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画像・音響処理
Image/Sound Processing

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開催日
2010年09月02日(木)
時 間
11:00 - 12:00
会 場
Poster Room 2

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光学顕微鏡法における二点分解能を定義するための統計的手法
A statistical method for defining two-point resolution in optical microscopy

演題番号 : P1-r17

野田 朋裕 / Tomohiro Noda:1 石井 信 / Shin Ishii:1 前田 新一 / Shinichi Maeda:1 

1:京都大院 情 システム科学 / Dept Systems Science, Univ of Kyoto, Kyoto 

 

Optical microscopy has been an important tool in neurobiology because it enables us to observe molecules in living cells. However, nano-scale imaging definitely suffers from blur due to diffraction of light passing through the lens. Conventionally, the Rayleigh's criterion has been known as such a two-point resolution of microscope that quantifies the blur caused by Fraunhofer diffraction. Although the Rayleigh's criterion gives us a practical criterion of the resolution limit of two-point sources in a deterministic way, it neglects the stochastic nature of the optical imaging processes. For instance, the diffraction itself is a stochastic diffusion process of photons, and the measurement of photons is also disturbed by stochastic fluctuation such as shot noise. In the existing studies (Ram, et al., 2006; Shahram and Milanfar, 2006), these stochastic aspects are just neglected or inappropriately treated.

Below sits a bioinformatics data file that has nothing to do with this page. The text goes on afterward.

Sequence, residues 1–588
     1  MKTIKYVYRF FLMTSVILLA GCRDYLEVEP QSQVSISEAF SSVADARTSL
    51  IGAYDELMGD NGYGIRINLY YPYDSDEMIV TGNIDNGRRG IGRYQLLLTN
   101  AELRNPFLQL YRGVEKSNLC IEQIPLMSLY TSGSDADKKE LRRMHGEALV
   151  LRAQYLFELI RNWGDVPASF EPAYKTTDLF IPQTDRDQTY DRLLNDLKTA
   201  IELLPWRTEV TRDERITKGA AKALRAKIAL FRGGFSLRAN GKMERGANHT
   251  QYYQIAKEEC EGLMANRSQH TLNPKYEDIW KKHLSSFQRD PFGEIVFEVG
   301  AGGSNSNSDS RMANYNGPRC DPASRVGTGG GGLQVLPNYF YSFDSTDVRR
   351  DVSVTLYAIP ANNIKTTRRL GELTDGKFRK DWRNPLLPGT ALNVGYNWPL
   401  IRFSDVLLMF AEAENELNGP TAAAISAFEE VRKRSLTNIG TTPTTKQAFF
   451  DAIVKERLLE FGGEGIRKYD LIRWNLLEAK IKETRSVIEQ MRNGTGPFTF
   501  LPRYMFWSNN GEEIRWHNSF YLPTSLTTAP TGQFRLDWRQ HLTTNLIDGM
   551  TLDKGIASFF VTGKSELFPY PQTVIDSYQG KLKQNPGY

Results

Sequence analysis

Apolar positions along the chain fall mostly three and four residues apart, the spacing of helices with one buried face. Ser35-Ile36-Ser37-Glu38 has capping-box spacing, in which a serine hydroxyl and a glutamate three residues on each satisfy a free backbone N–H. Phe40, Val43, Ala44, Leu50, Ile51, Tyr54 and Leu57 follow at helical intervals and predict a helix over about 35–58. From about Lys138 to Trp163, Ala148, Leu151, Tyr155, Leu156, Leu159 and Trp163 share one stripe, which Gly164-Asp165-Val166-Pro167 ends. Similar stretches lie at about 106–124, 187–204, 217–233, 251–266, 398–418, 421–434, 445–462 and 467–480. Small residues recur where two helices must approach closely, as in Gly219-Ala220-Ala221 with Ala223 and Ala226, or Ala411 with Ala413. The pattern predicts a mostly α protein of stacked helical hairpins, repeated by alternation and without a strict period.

In this study, we redefine the two-point resolution that considers various stochastic fluctuations from a statistical point of view. The two-point resolution is characterized by an error rate of decision about the number of point sources in a given image. The error rate is derived based on the statistical hypothesis testing, in particular, the likelihood ratio test, which is the most powerful test (aka Neyman-Pearson lemma). In our practical application, we put our focus on the case that either one or two point sources are assumed to be in a given image. Because analytical evaluation of the likelihood ratio is difficult, we utilize Monte Carlo sampling and kernel density estimation for evaluating the likelihood ratio. The estimation of the error rate leads to the optimal resolution for determining the number of point sources in the microscope image. We also show the results when applied to confocal microscope images.

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